State borders are more than barriers. They structure social, economic and political spaces and as such provide opportunities as well as obstacles for the communities straddling both sides of the border. This book deals with the conduits and opportunities of state borders in the Horn of Africa, and investigates how the people living there exploit them through various strategies. Using a micro level perspective, the case studies, which include the borders of Djibouti, Eritrea, Ethiopia, Sudan, Somalia, Kenya, Uganda and Tanzania, focus on opportunities, highlight the agency of the borderlanders, and acknowledge the permeability but consequentiality of the borders. Dereje Feyissa is Africa Research Director at the International Law and Policy Institute and Adjunct Professor at Addis Ababa University, Ethiopia. Markus Virgil Hoehne is a Lecturer at the Institute of Anthropology at Leipzig University.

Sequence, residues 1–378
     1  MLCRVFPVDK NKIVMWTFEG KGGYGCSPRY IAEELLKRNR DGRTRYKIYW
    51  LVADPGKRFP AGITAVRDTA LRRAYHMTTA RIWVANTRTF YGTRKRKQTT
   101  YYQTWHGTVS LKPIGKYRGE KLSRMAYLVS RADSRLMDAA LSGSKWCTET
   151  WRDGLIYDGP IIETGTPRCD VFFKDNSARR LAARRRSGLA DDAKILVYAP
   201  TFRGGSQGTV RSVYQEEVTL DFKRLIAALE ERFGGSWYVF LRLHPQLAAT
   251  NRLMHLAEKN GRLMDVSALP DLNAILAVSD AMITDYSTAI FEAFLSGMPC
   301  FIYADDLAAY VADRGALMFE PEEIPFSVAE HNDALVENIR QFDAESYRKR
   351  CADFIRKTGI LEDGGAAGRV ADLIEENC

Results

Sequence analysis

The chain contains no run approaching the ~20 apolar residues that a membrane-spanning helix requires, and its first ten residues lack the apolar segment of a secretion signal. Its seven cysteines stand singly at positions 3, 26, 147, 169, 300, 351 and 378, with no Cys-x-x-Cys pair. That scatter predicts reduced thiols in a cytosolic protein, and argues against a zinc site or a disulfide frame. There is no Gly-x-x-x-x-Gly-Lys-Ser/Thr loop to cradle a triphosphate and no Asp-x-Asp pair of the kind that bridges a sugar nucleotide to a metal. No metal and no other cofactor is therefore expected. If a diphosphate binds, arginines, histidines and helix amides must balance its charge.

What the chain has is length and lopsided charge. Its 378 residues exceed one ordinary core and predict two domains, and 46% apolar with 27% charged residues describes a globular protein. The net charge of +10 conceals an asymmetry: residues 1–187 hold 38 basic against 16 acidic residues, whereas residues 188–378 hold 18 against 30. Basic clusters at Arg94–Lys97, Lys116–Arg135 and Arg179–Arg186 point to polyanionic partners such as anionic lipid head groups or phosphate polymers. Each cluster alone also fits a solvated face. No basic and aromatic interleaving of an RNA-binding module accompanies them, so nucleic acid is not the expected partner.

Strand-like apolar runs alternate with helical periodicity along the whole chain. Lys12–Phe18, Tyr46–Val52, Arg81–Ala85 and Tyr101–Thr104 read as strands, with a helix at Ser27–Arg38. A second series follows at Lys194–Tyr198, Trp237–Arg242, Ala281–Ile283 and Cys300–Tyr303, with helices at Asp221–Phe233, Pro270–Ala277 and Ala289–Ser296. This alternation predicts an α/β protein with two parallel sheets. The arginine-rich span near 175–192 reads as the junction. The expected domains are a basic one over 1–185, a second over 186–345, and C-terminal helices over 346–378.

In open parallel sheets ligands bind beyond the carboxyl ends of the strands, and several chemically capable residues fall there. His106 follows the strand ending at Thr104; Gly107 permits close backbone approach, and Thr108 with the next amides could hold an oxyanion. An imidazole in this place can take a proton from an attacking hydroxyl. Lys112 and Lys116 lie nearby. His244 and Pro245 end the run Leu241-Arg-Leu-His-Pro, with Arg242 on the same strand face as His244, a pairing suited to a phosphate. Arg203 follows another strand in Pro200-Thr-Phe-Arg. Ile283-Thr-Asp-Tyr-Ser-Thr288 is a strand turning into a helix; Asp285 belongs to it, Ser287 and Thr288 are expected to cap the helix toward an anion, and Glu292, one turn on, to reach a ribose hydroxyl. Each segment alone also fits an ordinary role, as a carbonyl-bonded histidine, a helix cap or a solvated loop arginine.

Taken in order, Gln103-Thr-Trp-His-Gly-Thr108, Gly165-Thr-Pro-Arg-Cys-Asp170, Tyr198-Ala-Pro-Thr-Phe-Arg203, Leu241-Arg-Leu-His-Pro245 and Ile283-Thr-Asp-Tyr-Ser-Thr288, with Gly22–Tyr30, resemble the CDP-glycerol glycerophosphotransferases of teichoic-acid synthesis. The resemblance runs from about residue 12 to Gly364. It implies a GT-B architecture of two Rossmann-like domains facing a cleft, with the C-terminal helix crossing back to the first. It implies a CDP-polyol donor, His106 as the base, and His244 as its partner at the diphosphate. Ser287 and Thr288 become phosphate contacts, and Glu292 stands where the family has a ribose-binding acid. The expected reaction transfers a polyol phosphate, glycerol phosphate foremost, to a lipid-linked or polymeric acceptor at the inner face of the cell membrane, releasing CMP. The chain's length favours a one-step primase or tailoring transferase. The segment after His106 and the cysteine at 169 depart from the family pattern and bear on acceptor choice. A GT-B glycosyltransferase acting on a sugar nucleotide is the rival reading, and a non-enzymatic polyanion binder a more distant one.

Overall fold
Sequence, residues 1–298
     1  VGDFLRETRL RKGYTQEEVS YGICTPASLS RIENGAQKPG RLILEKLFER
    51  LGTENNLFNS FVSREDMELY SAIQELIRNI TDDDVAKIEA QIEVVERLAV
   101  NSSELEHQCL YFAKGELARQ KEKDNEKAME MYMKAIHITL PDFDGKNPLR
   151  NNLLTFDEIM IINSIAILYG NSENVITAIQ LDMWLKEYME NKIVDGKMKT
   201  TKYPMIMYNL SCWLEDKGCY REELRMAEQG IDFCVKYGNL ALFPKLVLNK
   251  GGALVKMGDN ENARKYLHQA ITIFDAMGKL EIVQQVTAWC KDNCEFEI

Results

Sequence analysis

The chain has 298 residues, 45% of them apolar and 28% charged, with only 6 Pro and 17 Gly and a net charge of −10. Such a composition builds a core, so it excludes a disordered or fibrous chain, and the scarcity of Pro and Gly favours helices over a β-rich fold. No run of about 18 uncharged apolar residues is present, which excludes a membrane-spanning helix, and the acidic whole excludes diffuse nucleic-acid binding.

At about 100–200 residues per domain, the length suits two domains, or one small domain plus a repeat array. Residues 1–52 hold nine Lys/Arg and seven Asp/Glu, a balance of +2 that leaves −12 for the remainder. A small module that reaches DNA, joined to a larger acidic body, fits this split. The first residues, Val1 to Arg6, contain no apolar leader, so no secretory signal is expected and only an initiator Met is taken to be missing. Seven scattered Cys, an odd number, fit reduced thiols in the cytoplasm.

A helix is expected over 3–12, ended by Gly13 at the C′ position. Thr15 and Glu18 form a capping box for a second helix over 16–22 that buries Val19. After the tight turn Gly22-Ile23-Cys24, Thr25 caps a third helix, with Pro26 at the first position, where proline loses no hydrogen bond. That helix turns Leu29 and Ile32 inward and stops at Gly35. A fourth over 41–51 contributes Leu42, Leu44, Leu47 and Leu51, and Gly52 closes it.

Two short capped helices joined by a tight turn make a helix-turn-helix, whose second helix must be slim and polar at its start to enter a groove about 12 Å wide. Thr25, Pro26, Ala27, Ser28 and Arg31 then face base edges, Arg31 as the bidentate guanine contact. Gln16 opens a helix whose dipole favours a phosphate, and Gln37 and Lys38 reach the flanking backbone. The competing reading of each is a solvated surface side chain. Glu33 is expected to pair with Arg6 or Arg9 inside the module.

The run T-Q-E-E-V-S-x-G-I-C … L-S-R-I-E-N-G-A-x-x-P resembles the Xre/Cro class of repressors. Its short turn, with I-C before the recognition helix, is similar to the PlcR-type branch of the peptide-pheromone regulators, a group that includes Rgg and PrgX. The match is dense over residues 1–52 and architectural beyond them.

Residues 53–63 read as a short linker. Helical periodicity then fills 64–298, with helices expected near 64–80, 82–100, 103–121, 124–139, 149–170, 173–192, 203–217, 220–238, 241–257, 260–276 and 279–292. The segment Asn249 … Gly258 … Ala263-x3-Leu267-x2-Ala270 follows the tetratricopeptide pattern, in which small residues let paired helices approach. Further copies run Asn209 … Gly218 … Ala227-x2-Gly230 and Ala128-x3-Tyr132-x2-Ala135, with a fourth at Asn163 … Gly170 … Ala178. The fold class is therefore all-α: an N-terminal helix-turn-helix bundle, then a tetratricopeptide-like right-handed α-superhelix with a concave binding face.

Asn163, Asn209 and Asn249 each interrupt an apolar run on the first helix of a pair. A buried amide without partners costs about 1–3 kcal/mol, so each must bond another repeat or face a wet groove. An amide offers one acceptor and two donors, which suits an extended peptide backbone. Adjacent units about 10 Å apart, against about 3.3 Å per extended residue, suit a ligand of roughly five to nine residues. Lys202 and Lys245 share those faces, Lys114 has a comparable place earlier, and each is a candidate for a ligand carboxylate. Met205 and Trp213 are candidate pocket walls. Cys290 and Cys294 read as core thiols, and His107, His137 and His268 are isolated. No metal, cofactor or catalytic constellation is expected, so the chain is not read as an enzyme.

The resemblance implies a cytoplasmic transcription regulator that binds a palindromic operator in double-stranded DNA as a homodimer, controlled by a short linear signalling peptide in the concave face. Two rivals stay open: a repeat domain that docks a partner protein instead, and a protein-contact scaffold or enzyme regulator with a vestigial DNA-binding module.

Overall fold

Table of Contents
Preface by Gunther Schlee - Günther Schlee Preface by the Editors State Borders & Borderlands as Resources: An Analytical Framework - Dereje Feyissa and Markus Virgil Hoehne More State than the State? The Anywaa's Call for the Rigidification of the Ethio-Sudanese Border - Dereje Feyissa Making Use of the Kin Beyond the International Border: Inter-ethnic Relations along the Ethio-Kenyan Border - Fekadu Adugna The Tigrinnya-speakers across the Borders: Discourses of Unity & Separation in Ethnohistorical Context - Wolbert G.C. Smidt Trans-Border Political Alliance in the Horn of Africa: The Case of the Afar-Issa Conflict - Yasin Mohammed Yasin People & Politics along and across the Somaliland-Puntland Border - Markus Virgil Hoehne The Ethiopian-British Somaliland Boundary - Cedric Barnes The Opportunistic Economies of the Kenya-Somali Borderland in Historical Perspective - Lee Cassanelli Magendo & Survivalism: Babukusu-Bagisu Relations & Economic Ingenuity on the Kenya-Uganda Border 1962-80 - Peter Wafula Wekesa Can Boundaries Not Border on One Another? The Zigula (Somali Bantu) between Somalia & Tanzania - Francesca Declich Conclusion: Putting Back the Bigger Picture - Christopher Clapham